133. The chemist and the farmer
  134. Chemistry and crop nutrition - Royal Institute of Chemistry 9th Dalton lecture - Lectures monographs and reports No 5
  135. The soils of the Glastonbury district of Somerset - Sheet 296
  136. Design and accuracy of calipers for measuring subcutaneous tissue thickness
  137. A second experiment on testing the reative efficiency of insect traps
  138. The infection of the ventriculus of the adult honeybee by Nosema apis (Zander)
  139. Results of field trials at Rothamsted of control methods for nosema disease
  140. Control of amoeba disease by the fumigation of combs and by fumagillin
  141. Trials with acaricides at Rothamsted
  142. Studies on the ability of light to counteract the inactivation action of ultraviolet radiation on plant viruses
  143. Studies on the multiplication of a tobacco necrosis virus in inoculated leaves in French-bean plants
  144. Virus diseases of plants
  145. The classification of viruses
  146. The use of transformations and maximum likelihood in the analysis of quantal experiments involving two treatments
  147. A note on the application of the combination of probabilities test to a set of 2× 2 tables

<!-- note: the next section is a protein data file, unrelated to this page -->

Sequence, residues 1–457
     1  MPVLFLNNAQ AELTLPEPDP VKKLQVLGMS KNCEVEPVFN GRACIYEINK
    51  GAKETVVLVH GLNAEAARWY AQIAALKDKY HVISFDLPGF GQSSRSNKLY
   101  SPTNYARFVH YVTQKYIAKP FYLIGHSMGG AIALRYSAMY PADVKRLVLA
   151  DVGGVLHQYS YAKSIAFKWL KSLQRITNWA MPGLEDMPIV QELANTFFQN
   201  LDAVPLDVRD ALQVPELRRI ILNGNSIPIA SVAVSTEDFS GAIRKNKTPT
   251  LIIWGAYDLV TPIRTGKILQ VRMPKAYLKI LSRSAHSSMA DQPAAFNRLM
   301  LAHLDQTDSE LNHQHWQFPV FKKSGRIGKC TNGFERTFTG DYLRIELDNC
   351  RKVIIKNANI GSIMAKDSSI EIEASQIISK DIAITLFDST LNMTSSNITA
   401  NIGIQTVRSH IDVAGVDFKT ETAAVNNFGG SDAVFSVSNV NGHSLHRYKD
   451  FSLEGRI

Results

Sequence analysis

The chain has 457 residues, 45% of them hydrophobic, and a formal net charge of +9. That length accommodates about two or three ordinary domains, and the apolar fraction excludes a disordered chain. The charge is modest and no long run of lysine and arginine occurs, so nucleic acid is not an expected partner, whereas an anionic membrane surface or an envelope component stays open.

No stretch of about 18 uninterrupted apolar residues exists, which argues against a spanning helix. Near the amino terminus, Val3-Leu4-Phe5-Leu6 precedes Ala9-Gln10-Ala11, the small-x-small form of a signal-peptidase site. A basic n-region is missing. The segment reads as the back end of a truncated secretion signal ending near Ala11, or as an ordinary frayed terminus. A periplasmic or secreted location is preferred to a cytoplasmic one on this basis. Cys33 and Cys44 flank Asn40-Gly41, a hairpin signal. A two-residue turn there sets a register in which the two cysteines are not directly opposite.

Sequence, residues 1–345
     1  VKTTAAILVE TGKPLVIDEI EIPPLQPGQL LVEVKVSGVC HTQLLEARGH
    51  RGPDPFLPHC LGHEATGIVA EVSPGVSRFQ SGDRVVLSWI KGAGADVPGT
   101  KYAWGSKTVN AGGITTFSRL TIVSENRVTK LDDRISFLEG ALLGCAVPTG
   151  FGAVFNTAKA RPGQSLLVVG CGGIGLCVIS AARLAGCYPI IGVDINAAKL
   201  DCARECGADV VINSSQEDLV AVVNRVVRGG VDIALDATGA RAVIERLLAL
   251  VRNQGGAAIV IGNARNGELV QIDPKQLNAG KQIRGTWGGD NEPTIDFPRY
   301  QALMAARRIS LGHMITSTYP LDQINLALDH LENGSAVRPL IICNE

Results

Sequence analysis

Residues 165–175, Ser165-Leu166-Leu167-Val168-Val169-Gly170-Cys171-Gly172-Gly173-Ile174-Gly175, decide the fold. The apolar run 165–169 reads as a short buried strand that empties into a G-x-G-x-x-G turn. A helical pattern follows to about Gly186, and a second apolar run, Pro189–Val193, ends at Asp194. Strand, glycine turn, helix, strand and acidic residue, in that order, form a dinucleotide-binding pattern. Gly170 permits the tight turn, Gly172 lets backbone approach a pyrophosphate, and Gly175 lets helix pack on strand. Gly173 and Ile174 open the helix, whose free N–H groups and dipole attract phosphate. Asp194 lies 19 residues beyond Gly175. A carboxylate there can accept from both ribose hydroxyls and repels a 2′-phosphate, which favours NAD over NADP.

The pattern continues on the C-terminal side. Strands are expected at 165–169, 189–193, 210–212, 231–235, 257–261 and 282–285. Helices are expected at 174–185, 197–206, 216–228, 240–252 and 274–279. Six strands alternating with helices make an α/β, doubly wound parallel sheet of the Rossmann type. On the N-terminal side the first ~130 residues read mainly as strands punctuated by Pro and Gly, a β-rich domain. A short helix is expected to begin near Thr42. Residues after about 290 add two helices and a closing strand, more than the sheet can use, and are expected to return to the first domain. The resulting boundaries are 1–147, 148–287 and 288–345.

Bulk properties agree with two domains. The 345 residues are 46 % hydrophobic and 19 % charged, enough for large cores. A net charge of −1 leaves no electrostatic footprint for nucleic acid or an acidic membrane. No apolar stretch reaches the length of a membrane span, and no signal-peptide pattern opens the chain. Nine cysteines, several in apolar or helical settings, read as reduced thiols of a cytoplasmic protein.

148. An analysis of the factors involved in the formation of a cluster of honeybees
  149. Statistical methods and scientific induction
  150. Weather and farming, 1954
  151. Meteorology in a large water-engineering project
  152. Components in the water balance of a catchment area
  153. Variation in plasmodiophora brassicae woron
  154. The standardization of air-flow in insect suction traps
  155. The spread and control of plant virus diseases
  156. Some properties of four viruses isolated from carnation plants
  157. Some effects of ultra-violet radiation on leaves of french bean (Phaseolus vulgaris L.)
  158. The respiration of tobacco leaves in the 20-hour period following inoculation with tobacco mosaic virus
  159. The respiration of tobacco leaves after systemic infection with tobacco mosaic virus
  160. Particle size of insecticidal suspensions and their contact toxicity
  161. Nematology in retrospect and prospect
  162. The influence of high concentrations of ammonium and sodium molybdates on flax, soybean and peas grown in nutrient solutions containing deficient or excess iron
  163. Esterase inhibition by organo-phosphorus residues, with some observations on possible effects on plant metabolism
  164. The epidemiology and control of nosema disease of the honey-bee
  165. Effects of nutrition and light intensity on symptoms of leaf-roll virus infection in the potato plant
  166. The effects of dates of planting and harvesting potato crops on virus-disease incidence and yield
  167. Effects of darkness on the constitution of tobacco leaves and susceptibility to virus infection
  168. The effect of sucrose spraying on symptoms caused by beet yellows virus in sugar beet
  169. The effect of repeated spraying of insects on their resistance to insecticides iii. Conditioning by the administration of sublethal concentrations
  170. Host plants of wheat bulb fly
  171. The development of large suction traps for airborne insects
  172. Soil sampling for wheat blossom midges